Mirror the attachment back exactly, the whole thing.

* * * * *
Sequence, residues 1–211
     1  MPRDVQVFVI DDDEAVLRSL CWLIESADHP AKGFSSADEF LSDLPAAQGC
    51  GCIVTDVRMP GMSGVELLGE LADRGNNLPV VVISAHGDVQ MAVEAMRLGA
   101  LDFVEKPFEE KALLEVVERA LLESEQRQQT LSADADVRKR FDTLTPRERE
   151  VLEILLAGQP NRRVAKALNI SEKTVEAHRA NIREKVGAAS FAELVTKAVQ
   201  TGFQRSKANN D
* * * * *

Sequence, residues 1–211
     1  MPRDVQVFVI DDDEAVLRSL CWLIESADHP AKGFSSADEF LSDLPAAQGC
    51  GCIVTDVRMP GMSGVELLGE LADRGNNLPV VVISAHGDVQ MAVEAMRLGA
   101  LDFVEKPFEE KALLEVVERA LLESEQRQQT LSADADVRKR FDTLTPRERE
   151  VLEILLAGQP NRRVAKALNI SEKTVEAHRA NIREKVGAAS FAELVTKAVQ
   201  TGFQRSKANN D